Arthur Middleton on Church and Eucharist
in Mark Frank (1613-64)

The works of Mark Frank, a less well-known Anglican divine, consist of two volumes of sermons which exhibit a combination of all the skills of oratory, imagination, learning and language. He sees the Eucharist as the moment when the past is gathered up, re-membered, the future fulfilment anticipated and made known. It is an intensity of presence when the risen Christ is made known to us and the Father’s love is proclaimed. It is an experience of ‘the world to come’ in an Epiphany of Christ’s coming, where living and departed, past, present and future are recapitulated in Christ. The mystical presence of Christ makes present in time the whole company of heaven and earth. An Advent sermon expounds this:

“The multitudes before are the Jewish synagogue, the multitudes behind, the Christian Church; a multitude, indeed, that cannot be numbered, of emperors, and kings, and princes; bishops and priests; doctors, martyrs, confessors, and virgins, all in their several orders and generations, crying, ‘Hosanna to the Son

of David’… All these multitudes – the Jew, with his multitude of patriarchs, priests, and Levites, and singers, and prophets, with his sacrifices of bulls, and rams, and goats, and sheep, of types and figures, all crying out ‘Messiah is coming’; the Christians, apostles, martyrs, confessors, doctors, virgins, bishops, priests, and deacons, and all several orders in their choirs and churches throughout the world, crying out ‘He is come’… All believing and professing the same He that cometh here; they, the Jews, before, crying ‘He that cometh’; we, the Christians, crying ‘He that is come,’ or rather, He that cometh still, that every day comes to us by his grace, and through his word and in his sacraments: ‘Blessed is he that cometh’ still, not a tense or tittle changed; he that comes being the same for ever; eternity and things eternal being ever coming, never gone or going.’ His Candlemas Sermons express similar truths. Is it surprising that the Puritan mindset irked him? His vision of the Church-in-Christ is large, cosmic and dynamic, with an appreciation of hierarchy and the plurality of vocations that found joy and sacrifice in the service of God and continues in the life of the world to come. Patriarchs, prophets and priests, kings, Apostles, Evangelists and martyrs, religious and virgins and that wonderful order of angels are recapitulated in the mystical presence of the one who comes. It is the Eucharist that makes us one with them in that epiphany of the Lord’s coming.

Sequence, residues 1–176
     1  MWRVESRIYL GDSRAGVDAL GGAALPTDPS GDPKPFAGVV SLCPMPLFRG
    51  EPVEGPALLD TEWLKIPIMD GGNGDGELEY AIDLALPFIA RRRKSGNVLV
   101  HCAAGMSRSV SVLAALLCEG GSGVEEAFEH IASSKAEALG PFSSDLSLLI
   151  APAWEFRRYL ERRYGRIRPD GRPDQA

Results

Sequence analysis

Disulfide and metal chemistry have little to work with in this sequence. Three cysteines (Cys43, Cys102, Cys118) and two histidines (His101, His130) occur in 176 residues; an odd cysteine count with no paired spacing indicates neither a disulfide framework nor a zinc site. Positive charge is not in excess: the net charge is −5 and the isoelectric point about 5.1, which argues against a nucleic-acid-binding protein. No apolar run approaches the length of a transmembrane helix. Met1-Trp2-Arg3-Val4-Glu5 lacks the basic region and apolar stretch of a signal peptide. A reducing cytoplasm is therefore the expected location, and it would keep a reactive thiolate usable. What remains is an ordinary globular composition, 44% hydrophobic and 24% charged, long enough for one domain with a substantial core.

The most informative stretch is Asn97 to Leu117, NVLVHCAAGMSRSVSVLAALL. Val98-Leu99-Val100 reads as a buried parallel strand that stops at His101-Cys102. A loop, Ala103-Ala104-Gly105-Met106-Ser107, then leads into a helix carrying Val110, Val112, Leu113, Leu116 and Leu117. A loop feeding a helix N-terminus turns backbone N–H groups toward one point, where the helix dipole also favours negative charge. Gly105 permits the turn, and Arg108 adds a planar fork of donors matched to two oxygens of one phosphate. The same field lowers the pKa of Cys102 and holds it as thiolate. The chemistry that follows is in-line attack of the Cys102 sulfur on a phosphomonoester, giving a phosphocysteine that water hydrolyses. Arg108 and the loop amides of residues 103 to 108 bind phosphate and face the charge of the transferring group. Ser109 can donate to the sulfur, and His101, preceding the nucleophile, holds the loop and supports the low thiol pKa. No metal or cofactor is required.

This is a far cry from the politically correct Church of our day that would keep us in the solitary confinement of the present, where vocation becomes the singular preoccupation of ministerial priesthood, and we have Directors of Ordinands rather than Directors of Vocation. Today’s Church has a narrow conception of vocation that has reduced the priesthood to a power structure when in reality it is a charism. Hence, it is seen as the ultimate, the superior vocation in the management structure of the careerist Church, and too often a part-time vocation. Yet the Church’s history demonstrates that there is a plurality of vocations, without which vocation becomes monochrome and ecclesial life diminished.